I see from your last editorial that 52 per cent of consultancies plan to expand. Of the same group, 92 per cent then blame lack of resources in local authorities for constraining local plan production and slow decision-making on applications.
In your feature on the proposed changes in the 'freedom to demolish' office buildings for replacement with residential structures, there was no mention of the waste of resources that demolition represents.
Whilst you cannot argue against the need for good design and the new National Design Guide is a good handbook, the government has handed planning authorities 70 pages of reasons for refusal.
Congratulations on such a great picture and key facts re Bristol City Council's crass consultation on three highway schemes for the so called Western Harbour.
Letter: Government's special measures criteria are unfair to authorities who determine fewer applications
You named the Peak District National Park as among the authorities that did not reach the threshold for avoiding special measures on decision-making quality, 2016-18.
Dear Planning. I like your new format, and enjoyed the "before and after" aerial photos of Wembley Park. But, given the title of the item "How Planning Shaped Wembley Park", you missed the pivotal planning intervention.
No doubt readers have mixed views about our new Prime Minister's housing record during his eight-year tenure as mayor of London. Boris Johnson's contribution to the size and quality of London's new housing is surely among his least controversial legacies.
The government's commitment to its 2050 net zero carbon emissions target has been widely welcomed. But to make this more than an outgoing Prime Minister's parting gesture, this needs to be matched with a clear and coordinated action plan.
The Building Better Building Beautiful Commission's interim report (PlanningResource, 9 July) rightly places great emphasis on the value of placemaking rather than just housebuilding, and argues that beauty should be considered in relation to buildings and places.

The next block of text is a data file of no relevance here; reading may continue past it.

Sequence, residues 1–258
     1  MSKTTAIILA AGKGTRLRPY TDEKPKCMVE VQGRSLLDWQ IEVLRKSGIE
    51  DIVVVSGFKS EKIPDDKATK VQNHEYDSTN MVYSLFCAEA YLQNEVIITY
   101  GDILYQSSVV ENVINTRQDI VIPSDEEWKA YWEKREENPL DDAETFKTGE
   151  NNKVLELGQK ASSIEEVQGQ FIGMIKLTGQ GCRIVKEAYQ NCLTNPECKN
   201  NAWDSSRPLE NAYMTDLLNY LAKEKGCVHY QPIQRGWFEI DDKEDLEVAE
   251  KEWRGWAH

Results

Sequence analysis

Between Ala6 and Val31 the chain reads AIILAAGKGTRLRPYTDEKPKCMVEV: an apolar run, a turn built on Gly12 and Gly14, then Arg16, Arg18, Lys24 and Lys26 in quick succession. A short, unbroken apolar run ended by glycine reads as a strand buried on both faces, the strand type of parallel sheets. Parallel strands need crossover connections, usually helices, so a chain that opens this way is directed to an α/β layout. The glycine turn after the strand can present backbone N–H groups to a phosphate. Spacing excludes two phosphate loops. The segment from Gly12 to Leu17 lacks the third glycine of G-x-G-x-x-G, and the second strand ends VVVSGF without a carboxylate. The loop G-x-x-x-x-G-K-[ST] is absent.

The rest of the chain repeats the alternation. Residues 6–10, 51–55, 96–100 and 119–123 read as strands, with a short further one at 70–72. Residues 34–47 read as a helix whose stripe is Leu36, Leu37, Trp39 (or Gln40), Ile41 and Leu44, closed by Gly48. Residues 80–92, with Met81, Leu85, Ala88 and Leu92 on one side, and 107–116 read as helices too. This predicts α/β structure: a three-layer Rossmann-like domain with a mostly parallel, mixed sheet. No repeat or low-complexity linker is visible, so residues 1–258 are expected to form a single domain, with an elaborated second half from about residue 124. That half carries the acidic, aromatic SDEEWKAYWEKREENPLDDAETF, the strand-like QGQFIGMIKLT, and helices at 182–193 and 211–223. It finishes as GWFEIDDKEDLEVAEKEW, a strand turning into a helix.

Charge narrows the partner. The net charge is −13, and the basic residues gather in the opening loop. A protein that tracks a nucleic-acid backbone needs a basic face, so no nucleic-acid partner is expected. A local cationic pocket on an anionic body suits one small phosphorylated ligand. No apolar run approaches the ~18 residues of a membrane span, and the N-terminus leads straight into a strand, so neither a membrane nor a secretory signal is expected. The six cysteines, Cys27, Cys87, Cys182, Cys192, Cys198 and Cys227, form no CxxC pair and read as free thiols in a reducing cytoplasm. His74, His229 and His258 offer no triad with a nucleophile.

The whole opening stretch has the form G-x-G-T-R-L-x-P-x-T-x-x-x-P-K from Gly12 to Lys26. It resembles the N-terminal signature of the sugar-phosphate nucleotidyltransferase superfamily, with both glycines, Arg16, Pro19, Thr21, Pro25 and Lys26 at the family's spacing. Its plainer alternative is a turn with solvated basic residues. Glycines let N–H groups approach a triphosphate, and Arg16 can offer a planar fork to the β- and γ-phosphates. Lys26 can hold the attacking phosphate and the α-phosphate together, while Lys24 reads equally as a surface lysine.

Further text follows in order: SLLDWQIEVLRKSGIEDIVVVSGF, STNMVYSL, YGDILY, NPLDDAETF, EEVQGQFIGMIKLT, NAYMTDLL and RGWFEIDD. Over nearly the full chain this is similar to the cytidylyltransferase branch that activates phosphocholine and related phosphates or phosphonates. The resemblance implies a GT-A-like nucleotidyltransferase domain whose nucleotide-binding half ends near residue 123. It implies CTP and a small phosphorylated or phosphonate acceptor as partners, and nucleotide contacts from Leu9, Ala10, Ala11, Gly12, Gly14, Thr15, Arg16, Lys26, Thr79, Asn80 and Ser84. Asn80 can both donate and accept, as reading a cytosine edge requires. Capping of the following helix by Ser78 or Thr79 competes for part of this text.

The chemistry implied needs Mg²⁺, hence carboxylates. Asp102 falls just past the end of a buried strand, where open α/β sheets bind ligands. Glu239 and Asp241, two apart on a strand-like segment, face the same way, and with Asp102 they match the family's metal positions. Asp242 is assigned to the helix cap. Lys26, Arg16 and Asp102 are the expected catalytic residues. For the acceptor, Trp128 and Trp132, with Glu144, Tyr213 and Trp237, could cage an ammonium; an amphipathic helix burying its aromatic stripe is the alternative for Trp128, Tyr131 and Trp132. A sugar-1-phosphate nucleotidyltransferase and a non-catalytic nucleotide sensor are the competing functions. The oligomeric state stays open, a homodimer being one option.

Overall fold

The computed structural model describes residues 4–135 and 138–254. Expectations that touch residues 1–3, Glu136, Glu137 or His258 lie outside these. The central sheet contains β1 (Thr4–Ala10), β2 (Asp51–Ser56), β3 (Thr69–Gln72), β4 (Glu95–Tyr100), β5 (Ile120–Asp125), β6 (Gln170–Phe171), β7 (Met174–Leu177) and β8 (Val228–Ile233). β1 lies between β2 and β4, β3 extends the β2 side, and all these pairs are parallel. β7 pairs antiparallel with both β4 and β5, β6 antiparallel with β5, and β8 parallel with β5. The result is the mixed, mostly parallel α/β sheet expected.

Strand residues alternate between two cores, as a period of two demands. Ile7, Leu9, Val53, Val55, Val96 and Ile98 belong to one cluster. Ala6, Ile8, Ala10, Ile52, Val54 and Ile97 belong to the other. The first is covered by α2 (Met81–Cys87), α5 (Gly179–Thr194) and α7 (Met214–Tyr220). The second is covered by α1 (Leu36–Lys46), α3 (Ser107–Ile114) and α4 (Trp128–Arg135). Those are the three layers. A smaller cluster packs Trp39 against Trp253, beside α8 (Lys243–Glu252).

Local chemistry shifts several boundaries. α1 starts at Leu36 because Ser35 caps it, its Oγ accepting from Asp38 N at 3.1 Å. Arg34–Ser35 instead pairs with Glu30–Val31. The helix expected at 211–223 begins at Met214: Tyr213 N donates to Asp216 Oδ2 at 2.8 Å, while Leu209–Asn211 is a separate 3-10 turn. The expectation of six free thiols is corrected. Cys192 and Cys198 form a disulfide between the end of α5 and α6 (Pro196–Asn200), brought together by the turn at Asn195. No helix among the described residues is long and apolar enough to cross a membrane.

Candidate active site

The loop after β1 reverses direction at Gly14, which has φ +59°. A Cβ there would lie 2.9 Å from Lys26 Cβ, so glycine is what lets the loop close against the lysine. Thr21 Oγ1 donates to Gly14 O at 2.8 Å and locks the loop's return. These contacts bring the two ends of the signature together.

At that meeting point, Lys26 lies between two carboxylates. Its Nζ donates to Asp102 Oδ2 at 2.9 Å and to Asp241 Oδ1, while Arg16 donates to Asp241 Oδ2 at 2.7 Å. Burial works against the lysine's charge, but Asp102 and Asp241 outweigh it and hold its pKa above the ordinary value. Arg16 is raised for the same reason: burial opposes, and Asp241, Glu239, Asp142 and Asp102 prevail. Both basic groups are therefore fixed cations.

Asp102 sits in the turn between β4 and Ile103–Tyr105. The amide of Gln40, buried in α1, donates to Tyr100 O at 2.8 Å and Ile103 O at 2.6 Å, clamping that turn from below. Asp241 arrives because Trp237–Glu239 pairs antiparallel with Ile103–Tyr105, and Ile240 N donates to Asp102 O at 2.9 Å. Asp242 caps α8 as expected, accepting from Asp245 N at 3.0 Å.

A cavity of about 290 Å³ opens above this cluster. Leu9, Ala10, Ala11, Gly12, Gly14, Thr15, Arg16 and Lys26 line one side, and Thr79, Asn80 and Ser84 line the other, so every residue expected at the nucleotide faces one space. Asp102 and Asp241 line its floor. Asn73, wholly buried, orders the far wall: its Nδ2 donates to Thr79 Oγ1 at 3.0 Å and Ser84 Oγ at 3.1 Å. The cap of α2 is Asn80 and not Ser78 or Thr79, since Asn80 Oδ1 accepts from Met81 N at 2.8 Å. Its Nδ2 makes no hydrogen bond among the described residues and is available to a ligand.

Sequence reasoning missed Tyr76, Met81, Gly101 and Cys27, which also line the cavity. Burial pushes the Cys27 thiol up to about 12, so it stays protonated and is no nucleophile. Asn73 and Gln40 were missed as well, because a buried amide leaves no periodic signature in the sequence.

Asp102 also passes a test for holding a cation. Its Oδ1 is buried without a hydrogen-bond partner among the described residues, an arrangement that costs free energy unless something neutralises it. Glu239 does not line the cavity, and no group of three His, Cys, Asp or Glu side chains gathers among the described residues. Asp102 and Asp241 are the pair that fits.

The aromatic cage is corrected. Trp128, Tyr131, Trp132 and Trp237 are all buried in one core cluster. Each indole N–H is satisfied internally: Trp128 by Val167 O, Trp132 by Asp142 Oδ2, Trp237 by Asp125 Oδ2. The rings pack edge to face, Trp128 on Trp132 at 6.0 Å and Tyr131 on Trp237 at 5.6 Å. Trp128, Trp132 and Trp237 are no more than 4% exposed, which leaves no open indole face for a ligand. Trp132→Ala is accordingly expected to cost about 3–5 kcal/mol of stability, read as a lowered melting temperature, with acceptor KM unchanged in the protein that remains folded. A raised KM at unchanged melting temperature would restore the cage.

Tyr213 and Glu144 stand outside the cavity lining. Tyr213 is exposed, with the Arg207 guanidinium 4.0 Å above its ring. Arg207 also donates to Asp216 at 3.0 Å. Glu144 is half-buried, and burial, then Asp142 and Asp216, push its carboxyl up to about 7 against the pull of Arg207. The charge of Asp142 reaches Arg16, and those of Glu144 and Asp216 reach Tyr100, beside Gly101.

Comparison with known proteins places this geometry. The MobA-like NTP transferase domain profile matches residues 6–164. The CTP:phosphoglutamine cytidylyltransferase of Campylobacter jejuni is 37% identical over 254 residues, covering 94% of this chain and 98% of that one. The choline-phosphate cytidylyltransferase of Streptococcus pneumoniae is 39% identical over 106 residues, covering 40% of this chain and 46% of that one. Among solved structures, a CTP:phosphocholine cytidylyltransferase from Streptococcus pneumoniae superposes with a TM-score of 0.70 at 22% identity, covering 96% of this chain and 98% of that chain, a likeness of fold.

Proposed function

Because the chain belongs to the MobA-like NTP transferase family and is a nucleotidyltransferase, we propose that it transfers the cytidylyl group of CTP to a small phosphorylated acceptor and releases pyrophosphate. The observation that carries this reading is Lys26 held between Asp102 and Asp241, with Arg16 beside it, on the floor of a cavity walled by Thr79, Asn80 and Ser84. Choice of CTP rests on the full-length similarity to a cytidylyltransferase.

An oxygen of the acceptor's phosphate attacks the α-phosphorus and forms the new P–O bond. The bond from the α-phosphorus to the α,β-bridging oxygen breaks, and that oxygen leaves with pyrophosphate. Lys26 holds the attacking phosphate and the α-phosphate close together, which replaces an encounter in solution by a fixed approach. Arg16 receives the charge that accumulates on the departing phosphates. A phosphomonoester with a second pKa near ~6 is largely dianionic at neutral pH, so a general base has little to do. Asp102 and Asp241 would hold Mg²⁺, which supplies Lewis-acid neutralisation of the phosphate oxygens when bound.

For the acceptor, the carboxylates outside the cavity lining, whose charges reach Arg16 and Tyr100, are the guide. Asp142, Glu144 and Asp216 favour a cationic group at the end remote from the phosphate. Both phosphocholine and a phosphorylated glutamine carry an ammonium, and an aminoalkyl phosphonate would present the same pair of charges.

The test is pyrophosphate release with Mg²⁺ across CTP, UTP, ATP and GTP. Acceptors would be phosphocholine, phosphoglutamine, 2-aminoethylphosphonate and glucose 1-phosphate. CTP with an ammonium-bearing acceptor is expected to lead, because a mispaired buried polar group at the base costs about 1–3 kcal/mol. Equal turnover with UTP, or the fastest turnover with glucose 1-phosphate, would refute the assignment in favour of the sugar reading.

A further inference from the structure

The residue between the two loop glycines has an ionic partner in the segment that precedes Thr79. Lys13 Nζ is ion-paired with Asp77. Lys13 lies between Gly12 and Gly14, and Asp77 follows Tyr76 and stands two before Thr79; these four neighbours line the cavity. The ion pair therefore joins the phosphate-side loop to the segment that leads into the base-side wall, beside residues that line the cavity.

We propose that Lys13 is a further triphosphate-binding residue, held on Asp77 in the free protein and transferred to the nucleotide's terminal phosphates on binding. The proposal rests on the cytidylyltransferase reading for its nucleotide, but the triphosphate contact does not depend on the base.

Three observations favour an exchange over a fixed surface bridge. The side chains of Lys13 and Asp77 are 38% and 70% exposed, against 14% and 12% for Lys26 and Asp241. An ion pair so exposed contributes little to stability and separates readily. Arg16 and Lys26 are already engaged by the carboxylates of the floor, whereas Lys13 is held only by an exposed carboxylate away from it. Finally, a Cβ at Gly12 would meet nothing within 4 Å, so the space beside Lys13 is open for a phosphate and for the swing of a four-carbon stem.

It was disappointing to see headlines (see related articles at bottom of page) last month referring to property developers no longer being able to (to use planning minister Kit Malthouse's phrase) 'shirk responsibilities' on the back of new Community Infrastructure Levy (CIL) rules published by the government.
News of unlikely plans for an alligator park as part of a proposed regeneration scheme on London's Old Kent Road features in today's newspaper round-up.
Ministers have revealed that the government is pressing ahead with a revamp and expansion of its Housing Infrastructure Fund (HIF) and promised that the upcoming Planning White Paper will look at revising the compulsory purchase process.
Developer St. Modwen has won permission for a new 15-hectare industrial and storage park to complete the regeneration of the area around Derby's Pride Park stadium, after the city council agreed to cut the contributions it wanted towards a road upgrade.
Law firm Norton Rose Fulbright has announced that Sarah Fitzpatrick has joined the company's London office as its new head of planning.
Planning inspectors have backed proposals in Oxford City Council's draft local plan to provide almost 11,000 new homes up to 2036 and to release eight green belt sites for housing.
A landowner has been given a 12-month prison sentence for continuing to breach a court order related to an illegally-sited caravan in Somerset, the third time he has been sent to jail for the matter.
Charging rates for the London Mayoral Community Infrastructure Levy (MCIL) have fallen in 2020, the first year in which a new Royal Institution of Chartered Surveyors (RICS) index has been applied.
- Senior Planning Consultant DPA Architects Hoddesdon, Hertfordshire
- Principal Regeneration Officer Bridgend County Borough Council Bridgend (Pen-y-bont ar Ogwr)
- Principal Planning Officer South Kesteven District Council Grantham, Lincolnshire
- Planner Barratt Developments Northamptonshire
- Senior Transport Planner (Planning Policy) Royal Borough of Kingston Kingston Upon Thames (City/Town), London (Greater)